International marketing in foreign languages has never been so easy
In the age of globalization, making decisions about international marketing is a lot easier for companies than it has been in the past, and is now an essential part of their business.
Global marketing strategy - why?
From the moment of reaching a decision about international marketing, the company’s marketing and strategy directors are busy with composing the company’s marketing strategy. However, such strategy can be linguistically and culturally biased from inception: since the company directors and employees feel comfortable in an English-speaking environment, and are familiar with American culture, the obvious audience tends to be in English-speaking countries and especially in North America. An attitude towards marketing that focuses on “what I know and where I am most comfortable” makes sense, obviously, but it also has many disadvantages:
- The English-speaking market is the same market that competitors tap into, for the same reasons mentioned above.
- This market is not necessarily the optimal target market for the company, but your Pre-Sales people would never know that, because their research is conducted in English and focuses on English-speaking countries only.
- Marketing in an English-speaking target market may prove significantly more expensive. For example, when SMEs use search engine ads for marketing, where the competition over popular English keywords is in most cases much more serious, and so clickthrough rates (CTR) are usually lower. This results in marketing that is more expensive in English than in other languages! Investing in promoting the company’s site using Search Engine Optimization (SEO) is also a lot cheaper in languages other than English, since the competition for foreign language content is lower. For companies that are already marketing their products and services in English-speaking countries, a multilingual strategy can add significant advantages that go beyond exposure to new target markets, and include possible new partnerships, and opportunities for mergers and acquisitions.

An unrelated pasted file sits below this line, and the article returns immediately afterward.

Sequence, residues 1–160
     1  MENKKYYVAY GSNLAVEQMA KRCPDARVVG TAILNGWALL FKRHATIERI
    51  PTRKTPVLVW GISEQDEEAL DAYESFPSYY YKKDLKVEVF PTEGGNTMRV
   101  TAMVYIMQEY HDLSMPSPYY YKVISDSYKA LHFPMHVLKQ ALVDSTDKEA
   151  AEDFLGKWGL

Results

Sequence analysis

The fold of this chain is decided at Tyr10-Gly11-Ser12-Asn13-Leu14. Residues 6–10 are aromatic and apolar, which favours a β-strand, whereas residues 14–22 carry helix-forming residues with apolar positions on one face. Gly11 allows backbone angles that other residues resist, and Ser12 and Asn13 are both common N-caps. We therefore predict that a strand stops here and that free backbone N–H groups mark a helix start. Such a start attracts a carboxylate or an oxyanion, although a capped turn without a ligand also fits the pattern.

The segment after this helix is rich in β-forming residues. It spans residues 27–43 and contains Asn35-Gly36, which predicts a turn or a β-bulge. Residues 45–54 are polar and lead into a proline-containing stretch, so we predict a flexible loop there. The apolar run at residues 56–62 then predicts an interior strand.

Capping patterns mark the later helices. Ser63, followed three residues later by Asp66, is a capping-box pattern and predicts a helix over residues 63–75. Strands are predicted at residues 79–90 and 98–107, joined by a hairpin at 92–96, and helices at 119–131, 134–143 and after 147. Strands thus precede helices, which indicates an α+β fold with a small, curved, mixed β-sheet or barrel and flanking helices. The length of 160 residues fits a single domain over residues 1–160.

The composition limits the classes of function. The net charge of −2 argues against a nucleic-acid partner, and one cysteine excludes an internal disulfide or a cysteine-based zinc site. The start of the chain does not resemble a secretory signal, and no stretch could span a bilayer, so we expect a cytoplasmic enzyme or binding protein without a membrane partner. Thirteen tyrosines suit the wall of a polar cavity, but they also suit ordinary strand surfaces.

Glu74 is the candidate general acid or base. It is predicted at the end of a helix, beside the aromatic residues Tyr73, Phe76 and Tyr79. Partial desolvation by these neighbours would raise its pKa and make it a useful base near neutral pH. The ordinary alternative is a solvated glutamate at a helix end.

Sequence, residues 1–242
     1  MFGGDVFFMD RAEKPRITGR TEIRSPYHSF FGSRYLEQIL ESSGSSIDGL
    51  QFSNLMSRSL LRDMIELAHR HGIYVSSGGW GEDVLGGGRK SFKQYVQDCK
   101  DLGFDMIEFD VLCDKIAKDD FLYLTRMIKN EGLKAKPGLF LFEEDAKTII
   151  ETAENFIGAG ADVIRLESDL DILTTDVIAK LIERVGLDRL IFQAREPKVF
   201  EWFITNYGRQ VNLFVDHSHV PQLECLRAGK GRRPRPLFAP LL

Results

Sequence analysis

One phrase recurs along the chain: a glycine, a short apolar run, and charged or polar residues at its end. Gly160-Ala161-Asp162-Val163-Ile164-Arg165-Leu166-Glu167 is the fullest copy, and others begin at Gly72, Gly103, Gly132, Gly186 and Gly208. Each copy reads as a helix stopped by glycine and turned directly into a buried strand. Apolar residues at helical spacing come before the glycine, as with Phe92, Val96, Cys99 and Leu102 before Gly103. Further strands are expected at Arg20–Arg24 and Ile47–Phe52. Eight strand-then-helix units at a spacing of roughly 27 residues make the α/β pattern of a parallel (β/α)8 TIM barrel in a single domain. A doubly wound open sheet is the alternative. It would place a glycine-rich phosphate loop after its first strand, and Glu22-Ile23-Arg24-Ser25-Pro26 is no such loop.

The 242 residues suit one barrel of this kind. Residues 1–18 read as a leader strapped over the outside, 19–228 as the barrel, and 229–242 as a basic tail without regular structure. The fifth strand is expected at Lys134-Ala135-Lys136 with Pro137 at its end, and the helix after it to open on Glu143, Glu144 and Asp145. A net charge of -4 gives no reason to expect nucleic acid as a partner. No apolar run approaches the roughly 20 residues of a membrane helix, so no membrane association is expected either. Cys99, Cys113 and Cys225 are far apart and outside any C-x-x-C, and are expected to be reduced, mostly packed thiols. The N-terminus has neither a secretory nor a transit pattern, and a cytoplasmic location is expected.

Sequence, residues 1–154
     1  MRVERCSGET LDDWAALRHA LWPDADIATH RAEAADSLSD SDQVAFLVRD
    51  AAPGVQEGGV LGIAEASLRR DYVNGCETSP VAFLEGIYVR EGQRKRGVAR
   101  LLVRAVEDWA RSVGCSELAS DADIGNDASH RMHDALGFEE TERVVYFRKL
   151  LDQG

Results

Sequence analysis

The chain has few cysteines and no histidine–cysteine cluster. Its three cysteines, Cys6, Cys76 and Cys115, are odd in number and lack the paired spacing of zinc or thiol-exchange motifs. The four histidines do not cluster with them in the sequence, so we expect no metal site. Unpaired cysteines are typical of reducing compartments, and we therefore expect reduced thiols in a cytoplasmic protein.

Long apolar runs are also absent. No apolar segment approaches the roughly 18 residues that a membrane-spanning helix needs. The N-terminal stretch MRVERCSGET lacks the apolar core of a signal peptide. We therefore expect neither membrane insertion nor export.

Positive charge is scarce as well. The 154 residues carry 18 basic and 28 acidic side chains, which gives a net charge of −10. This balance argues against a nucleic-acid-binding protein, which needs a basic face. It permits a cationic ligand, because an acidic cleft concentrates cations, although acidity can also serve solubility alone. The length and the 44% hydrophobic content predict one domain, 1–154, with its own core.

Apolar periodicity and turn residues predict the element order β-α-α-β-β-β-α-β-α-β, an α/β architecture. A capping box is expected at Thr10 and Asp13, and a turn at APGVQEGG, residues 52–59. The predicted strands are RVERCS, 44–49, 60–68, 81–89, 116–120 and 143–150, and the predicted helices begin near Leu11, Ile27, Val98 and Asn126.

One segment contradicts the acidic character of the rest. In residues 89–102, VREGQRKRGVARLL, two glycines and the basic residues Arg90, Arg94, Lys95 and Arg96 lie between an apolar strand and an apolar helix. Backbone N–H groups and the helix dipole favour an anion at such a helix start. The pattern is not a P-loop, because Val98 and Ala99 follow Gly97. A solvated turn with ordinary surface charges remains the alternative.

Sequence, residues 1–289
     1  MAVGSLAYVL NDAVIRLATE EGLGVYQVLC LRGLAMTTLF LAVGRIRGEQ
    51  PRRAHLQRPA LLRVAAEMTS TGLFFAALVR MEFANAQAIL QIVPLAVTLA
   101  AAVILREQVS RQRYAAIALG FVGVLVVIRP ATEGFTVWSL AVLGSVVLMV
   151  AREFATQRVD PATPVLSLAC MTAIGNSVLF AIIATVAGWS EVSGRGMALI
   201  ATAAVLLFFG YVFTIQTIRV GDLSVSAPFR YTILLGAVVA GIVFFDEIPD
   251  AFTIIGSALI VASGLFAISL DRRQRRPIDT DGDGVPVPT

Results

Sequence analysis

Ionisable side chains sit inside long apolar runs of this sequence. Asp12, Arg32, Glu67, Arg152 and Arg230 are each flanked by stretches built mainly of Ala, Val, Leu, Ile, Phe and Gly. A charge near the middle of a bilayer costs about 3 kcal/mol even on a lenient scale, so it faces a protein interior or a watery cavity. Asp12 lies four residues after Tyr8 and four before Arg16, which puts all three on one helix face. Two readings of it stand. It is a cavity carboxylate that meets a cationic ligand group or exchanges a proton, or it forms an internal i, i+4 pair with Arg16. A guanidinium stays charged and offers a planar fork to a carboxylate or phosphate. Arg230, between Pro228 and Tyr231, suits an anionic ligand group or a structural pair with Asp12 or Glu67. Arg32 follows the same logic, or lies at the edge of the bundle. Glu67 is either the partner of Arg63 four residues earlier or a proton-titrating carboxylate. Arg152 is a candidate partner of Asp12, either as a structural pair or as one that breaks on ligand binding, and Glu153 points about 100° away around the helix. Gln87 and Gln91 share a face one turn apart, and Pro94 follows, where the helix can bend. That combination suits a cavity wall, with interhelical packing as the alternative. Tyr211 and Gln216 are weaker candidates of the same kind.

All of the company’s materials regarding products and training must be translated by a professional translator who is a native of the target language. The translator should have knowledge in the particular content area of the company (for example: technical, medical, legal), and should be familiar with the professional jargon unique to that company. Some companies use full-time translator, while others outsource translation. Translation is usually better when it is reviewed by several professional translators, who can give each other comments and feedback. Translation of marketing materials should be reserved for a translator who is an expert in marketing, and who “lives and breaths” the culture of the target country. This type of translation is less literal and more interpretative.
Company website localization
the company’s website must undergo complete localization because potential clients will turn to it when they are looking for further information about the company. A website that seems foreign will deter them. Successful localization of the website requires cooperation between the marketing team and the technical team that oversees the construction and maintenance of the website. Aside from translating the content of the site, certain adjustments of the site’s structure will require a targeted development budget.
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